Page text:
Except that’s not how it went. Nathan waited, itching in the bushes for two hours without a single call or text from his mother. The question mark and where r u, mom texts went unanswered. So when all the yellow buses vanished from the parking lot and the world dissolved into purple-dark, Nathan put his hood in place and started the three-mile walk home.
* * *
Like a red strobe, the swarm of fire trucks, ambulances, police cars. But the zoo was oddly silent—no Gibbon screams, no macaw gawks, no train toots, no kid groups, no sound at all from anyone. For Hanna, it was like a gluey Ambien trance; she was here but not here, hovering, tingling. As the men with beeping equipment ran to the boy who lay unmoving on the ground in a cloud of filth, they were movie versions of themselves running, running. It was so exhausting and unnecessary.
No one could have saved the boy.
* * *
Suri didn’t make it. Sorry, but thought you would want to know.
Lyle waited in the shadows like he did so many evenings, his junky Geo parked behind the Wilson family’s fully-outfitted, double-back, Eurovan Volkswagen camper. The Wilsons were always headed out to this nature preserve or that wilderness refuge, returning with gargantuan pine cones, expertly whittled walking sticks, even raccoon pelts, distorted and apricot-rank. Lyle was convinced that the boys displayed the hides on their back porch as a kind of secret message to him—it meant this is how you raise a boy, you embarrassing, fat, dead-beat. Tonight, he could see the foggy outline of Mrs. Wilson floating through her kitchen. The pie smells that fluttered from their home into the air also seemed like a kind of message, though of what he wasn’t sure. He cracked his window and inhaled. Pecan?
8:45. Late. Tonight it was taking longer than usual for a glimpse of his family. Basketball games were Tuesday nights but this was Thursday. Tae kwon do? No, Nathan abandoned that last year. Something at school? But as far as Lyle knew, Nathan wasn’t involved in a single extra-curricular. “How about the chess team?” Lyle suggested the last time they went for Big Macs, but Nathan just rolled his eyes. It was a dumb suggestion anyway. And the PTA meeting was last Wednesday: he’d offered to give Hanna a ride, and came home early from his new IT job at the same community college where she worked with enough time for a quick jog and a shower, but then he just stood there, naked, in front of the mirror for who knew how long, ignoring her battery of phone calls. But you promised, Hanna would say if he picked up. Par for the course. Still, Lyle kept thinking each new call would be the one he would answer to say sorry, Hanna, I am so very sorry, I’m on my way right now—just running a few minutes late—been putting in some extra time at work, oh, didn’t you know I was in the IT department now, yes, it’s great, we should meet for lunch sometime, until the calls finally stopped and he collapsed on the couch with an enormous bowl of Butterfinger ice cream.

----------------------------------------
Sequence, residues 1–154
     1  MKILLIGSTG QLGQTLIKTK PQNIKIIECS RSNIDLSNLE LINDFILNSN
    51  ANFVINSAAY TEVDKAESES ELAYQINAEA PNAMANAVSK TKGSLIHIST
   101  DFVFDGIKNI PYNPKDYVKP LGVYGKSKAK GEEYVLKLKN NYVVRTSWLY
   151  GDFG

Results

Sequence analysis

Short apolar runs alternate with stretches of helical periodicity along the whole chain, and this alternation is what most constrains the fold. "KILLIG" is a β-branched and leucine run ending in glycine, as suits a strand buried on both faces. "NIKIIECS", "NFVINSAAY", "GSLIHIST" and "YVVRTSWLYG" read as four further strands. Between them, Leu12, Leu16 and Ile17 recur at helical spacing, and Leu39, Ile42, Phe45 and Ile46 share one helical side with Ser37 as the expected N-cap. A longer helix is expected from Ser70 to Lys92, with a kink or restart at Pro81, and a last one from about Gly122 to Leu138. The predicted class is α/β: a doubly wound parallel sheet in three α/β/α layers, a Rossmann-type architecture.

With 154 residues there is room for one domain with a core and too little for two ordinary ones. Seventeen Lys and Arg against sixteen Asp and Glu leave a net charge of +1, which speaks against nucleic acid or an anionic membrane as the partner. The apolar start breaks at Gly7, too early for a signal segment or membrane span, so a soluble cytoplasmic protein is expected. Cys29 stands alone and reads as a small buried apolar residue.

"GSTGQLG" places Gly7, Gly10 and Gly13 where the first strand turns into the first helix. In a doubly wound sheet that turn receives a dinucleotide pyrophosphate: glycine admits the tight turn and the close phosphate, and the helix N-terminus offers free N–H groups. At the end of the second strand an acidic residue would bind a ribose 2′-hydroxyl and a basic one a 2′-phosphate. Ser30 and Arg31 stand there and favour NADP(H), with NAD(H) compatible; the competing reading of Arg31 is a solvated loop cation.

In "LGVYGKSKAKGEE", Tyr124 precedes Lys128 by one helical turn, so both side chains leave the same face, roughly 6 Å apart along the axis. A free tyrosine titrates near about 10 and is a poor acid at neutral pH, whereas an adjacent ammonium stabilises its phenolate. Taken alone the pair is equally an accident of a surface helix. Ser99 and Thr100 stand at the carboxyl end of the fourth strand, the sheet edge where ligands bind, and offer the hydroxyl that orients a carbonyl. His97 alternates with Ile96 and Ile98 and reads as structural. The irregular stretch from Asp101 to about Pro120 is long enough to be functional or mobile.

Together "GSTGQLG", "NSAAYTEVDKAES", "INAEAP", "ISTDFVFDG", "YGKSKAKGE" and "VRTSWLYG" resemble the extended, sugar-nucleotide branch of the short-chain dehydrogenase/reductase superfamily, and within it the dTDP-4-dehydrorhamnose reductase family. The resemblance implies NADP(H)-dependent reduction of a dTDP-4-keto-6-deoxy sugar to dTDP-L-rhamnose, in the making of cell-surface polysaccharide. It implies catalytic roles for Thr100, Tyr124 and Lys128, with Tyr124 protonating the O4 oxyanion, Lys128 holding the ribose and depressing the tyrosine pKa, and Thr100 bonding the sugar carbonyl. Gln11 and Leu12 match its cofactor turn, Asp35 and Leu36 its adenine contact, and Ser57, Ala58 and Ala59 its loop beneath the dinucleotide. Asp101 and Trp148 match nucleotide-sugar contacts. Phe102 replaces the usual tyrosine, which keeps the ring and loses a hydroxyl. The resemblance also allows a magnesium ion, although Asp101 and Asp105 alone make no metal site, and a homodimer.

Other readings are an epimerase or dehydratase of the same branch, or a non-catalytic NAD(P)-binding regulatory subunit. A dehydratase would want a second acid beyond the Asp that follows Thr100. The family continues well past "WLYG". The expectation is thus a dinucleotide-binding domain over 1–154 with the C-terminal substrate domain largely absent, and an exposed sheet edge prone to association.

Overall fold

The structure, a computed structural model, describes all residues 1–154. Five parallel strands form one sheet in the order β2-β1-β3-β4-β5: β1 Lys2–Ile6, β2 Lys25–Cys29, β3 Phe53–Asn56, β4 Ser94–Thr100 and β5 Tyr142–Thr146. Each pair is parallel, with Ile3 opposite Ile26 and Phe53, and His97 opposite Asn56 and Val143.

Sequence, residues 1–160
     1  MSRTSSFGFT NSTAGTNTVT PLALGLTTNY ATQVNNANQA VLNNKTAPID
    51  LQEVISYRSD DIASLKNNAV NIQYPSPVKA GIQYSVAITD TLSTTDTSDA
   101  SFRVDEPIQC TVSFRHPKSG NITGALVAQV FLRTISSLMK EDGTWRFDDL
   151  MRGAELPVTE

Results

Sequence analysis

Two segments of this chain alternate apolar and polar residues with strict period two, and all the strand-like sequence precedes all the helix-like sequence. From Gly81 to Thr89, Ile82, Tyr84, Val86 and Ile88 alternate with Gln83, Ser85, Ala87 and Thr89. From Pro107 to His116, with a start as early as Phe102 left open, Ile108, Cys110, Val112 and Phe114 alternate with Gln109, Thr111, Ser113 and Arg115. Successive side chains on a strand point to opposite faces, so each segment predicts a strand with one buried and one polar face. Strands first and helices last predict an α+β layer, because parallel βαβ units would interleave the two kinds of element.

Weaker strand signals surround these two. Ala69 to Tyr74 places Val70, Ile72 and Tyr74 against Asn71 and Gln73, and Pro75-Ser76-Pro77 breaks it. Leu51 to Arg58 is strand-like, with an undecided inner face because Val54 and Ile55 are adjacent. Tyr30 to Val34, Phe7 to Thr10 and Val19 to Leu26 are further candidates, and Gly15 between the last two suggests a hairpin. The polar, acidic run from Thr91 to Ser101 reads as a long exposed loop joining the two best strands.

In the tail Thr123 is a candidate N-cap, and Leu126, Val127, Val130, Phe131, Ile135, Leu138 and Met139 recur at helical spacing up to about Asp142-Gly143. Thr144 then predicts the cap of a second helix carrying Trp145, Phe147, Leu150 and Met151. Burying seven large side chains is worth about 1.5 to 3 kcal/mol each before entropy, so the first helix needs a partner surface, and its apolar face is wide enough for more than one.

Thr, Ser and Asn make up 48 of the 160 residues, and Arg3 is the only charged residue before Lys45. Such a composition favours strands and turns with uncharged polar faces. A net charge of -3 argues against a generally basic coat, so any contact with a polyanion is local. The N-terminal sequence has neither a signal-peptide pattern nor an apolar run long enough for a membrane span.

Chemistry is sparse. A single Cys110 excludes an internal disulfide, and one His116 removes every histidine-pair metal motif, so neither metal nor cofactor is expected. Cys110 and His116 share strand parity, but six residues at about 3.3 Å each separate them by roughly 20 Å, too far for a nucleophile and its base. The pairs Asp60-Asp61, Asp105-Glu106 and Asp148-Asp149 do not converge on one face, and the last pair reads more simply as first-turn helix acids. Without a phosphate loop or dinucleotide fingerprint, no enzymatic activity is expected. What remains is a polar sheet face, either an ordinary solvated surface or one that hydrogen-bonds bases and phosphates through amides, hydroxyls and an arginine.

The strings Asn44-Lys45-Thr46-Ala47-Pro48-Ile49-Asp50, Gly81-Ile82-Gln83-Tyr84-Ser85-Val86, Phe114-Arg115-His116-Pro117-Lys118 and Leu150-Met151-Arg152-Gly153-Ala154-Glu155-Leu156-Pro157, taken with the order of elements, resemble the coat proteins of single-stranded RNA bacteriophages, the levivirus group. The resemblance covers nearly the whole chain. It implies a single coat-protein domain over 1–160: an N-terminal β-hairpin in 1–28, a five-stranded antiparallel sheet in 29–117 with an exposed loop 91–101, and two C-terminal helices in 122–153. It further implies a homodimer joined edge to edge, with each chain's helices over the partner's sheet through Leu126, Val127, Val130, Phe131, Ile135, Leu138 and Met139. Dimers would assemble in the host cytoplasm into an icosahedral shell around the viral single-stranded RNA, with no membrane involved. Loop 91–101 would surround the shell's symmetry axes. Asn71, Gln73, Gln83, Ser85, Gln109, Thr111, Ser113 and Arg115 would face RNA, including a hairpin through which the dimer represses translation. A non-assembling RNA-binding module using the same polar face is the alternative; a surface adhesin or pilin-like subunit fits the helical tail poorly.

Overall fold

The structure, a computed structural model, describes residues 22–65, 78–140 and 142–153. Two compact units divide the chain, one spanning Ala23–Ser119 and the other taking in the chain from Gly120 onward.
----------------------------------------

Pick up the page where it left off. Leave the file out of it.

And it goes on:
Through his rearview Lyle saw the dark shape approaching, a form of Nathan’s build and height with a hood pulled over its face. His son. Lyle crouched down in his seat to hide as Nathan skulked by the car, missing his father completely.
“Son!” Lyle whispered into his coat as Nathan kept walking.
Then, Lyle saw two headlights race through the night, one brilliant white, the other yellow. He identified this as his wife’s car; together they put in the wrong bulb and neither of them felt it worthy of fixing, so just left it alone. Just as Lyle was making a mental note to swing by the hardware store he saw Nathan fly off the sidewalk and into the car’s trajectory, waving his arms. The car skidded to a sideways stop and Hanna—wild, possessed—threw open the door and got out in the middle of the street.
“Get!” She screamed, “Get out of the road!” Her arms were a seizured blur as she ran to her son. Meanwhile, Nathan, oddly calm and slow, bent over the small squiggling shape illuminated by the beams. It was covered in blood.
“You killed it.” Nathan said, looking up at his mother. He could see her forehead rivers, her breathing gray eyes, the magic mole. She seemed to settle. In the beams, the little creature curled and squirmed.
“It’s not dead, Nathan,” she said. “Look.” They both looked. Then, leaving Nathan alone in the headlights, Hanna disappeared down the driveway to return with the long-handled garden trowel she’d planned to use for a butterfly bush. As she raised the blade to strike the animal, Nathan stood there staring. She could do this. The metal was shrill on the road as Hanna lifted and struck and struck again, efficient and cool as whatever had been the squirrel changed into something else entirely. She kept at it until, gently, Nathan put his hand on her shoulder to indicate that now it was his turn with the shovel. The curious neighbors who flipped on their porch lights or tucked back their curtains would see Lyle exit his car and rush toward his wife and son to try to join in.